Since embarking on this adventure, I am fascinated with the many detours it is leading me on and who knows where it will eventually end….

The Rituals of Writing

It struck me this week that I have certain rituals I engage in before I actually start the process of writing. It got me thinking about the role of rituals and their possible benefits and contribution to the writing process. Where do they come from and why do we engage in rituals in the first place?

We associate certain activities with the ritual of writing, which may include words, gestures and objects incorporated into a set sequence. Rituals go beyond individual actions and are to be found in many group activities. Every culture has its own rituals associated with important events, such as wedding ceremonies, celebratory events, funerals, worship as well as rites of passage. In time these rituals are woven into the very fabric of a society and form a key part of the culture and traditions of that particular community.

Most athletes, either as individuals or teams, have their own rituals they engage in at the start of a game or race. Ritual 3The example that immediately springs to mind is the blood curling sounds of The Haka performed by the New Zealand rugby team. It was traditionally a war cry or dance and is used by the All Blacks to get the team psyched up for the game and at the same intimidate their opponents; intimidate it certainly does!

What about writing rituals? What purpose do they serve? It would appear that writing rituals involve the environment in which we write, time associated with the process and, of course, our behaviours. It is vital for our environment, or nest as some writers refer to their writing space, to be conducive to the act of writing. A common theme shared by many writers is that the writing envitonment has to be a consistent space. However, I have also found that changing the space facilitates a different experience and therefore different ideas. It might also be due to my wandering lifestyle that I have learnt to first and foremost create an internal writing space irrespective of my physical environment. The writing environment also includes various objects, which may seem to us as though they possess some magical powers necessary to the ritual of writing.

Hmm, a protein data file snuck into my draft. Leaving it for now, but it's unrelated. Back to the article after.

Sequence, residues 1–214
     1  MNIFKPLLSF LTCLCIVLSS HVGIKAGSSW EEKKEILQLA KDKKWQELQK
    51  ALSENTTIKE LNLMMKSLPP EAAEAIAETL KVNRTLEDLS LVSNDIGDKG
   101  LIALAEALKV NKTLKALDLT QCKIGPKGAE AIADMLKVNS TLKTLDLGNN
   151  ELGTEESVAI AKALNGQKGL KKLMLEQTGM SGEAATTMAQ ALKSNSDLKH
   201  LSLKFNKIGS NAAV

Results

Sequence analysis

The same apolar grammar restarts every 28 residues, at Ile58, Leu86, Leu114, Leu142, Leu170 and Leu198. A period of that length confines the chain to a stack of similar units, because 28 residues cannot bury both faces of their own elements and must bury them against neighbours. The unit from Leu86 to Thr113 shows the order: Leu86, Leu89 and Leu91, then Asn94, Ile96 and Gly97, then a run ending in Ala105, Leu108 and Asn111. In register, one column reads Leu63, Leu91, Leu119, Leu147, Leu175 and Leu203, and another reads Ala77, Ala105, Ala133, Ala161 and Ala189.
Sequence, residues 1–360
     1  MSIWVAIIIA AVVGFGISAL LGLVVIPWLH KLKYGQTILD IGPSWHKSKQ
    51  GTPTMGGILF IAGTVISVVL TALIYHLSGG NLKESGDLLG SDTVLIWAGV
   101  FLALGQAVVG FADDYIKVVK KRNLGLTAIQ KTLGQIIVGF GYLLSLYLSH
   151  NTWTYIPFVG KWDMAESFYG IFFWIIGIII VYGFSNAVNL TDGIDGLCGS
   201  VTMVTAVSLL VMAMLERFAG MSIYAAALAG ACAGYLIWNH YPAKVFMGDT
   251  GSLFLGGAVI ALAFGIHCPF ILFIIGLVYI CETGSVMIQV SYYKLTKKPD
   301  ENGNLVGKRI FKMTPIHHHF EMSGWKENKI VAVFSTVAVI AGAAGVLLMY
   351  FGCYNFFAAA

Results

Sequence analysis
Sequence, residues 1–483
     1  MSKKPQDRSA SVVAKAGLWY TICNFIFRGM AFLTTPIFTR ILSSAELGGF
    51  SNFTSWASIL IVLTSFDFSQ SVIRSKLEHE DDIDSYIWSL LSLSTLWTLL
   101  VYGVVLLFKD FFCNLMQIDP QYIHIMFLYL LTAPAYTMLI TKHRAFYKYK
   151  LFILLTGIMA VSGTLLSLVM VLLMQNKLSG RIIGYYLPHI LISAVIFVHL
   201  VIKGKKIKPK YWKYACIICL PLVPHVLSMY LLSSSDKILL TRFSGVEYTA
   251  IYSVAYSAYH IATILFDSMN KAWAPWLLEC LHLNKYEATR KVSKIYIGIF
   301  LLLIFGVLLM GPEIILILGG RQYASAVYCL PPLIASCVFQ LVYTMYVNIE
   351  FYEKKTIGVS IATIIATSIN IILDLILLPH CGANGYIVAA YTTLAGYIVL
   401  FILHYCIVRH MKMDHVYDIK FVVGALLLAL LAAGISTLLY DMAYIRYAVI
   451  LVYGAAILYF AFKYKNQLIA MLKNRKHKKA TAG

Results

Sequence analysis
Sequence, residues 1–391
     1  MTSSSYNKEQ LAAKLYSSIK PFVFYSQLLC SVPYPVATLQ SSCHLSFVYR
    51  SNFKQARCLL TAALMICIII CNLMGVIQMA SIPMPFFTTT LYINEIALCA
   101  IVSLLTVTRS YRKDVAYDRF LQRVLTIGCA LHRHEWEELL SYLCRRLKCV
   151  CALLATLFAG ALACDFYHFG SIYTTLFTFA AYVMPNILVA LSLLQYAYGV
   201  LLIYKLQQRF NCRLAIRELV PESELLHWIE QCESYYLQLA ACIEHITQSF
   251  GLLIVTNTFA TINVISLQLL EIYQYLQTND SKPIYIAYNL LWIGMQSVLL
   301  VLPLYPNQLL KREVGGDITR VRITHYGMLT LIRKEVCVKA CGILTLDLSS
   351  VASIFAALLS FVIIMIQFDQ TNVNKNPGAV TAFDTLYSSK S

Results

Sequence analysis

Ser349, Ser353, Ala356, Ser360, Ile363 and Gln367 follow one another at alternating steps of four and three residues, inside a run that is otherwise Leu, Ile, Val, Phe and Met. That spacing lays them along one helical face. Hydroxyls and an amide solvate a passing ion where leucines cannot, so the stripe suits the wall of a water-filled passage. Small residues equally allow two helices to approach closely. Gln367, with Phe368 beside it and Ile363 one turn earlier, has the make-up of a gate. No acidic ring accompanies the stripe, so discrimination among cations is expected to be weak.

Rituals associated with time include the time of day we feel at our most creative, whether that is early in the morning, late at night or certain times during the day. Associated with time is the need for beginnings and endings. Without boundaries time becomes intimidating and even paralyzing whereas defined chunks of time for writing are manageable. We do not always have the luxury of selecting a specific time for writing and we may therefore need to write whenever we have some spare time, even if it is less than the ideal time or space.

Finally, there are our behaviours associated with writing, which may seem not only eccentric but also bizarre to anyone observing our behavioral rituals.Ritual 2 These behaviours are normally repetitious and may seem unrelated to the actual process of writing. These actions, even though mundane, serve to set the scene and get us into the right frame of mind for creative thinking. Writing rituals help to reduce the anxiety of writing and engender a sense of being in control of the activity of writing. Furthermore, it also creates discipline and structure without which there would probably be no creative output. One of my all time favourite examples of eccentric writing rituals is that of the poet Friedrich Schiller who found inspiration from the smell of rotting apples underneath his desk! It reminded him of when he was young and very much in love, wandering through the apple orchards.

To begin with, RitualsI always make a pot of coffee before sitting down in front the computer. The making of coffee is, of course, a ritual in itself. I also need silence so that I can hear the whisperings of my muse. The silence also allows me to read out aloud what I have written so that I can hear whether it makes sense or not. It also helps to bring my writing to life. However, there are times when I find that the sounds of soft classical music or opera help to stimulate ideas. Today is one such day and as I’m writing the exquisite, haunting melody of violin strings playing the theme of Schindler’s List fill my writing space. Eugene was passionate about music and the soft sound of music revives my memories of him, bringing him into my writing space.

In previous postings I reflected on the nature of our muse and I believe that ritual in all its many forms, is the domain of our muse. I also think they are essential if we are to entice our muse from her resting place and to deliver an award winning performance on the creative stage. No doubt you have your own rituals of writing that is necessary for you to begin and maintain the creative process of writing.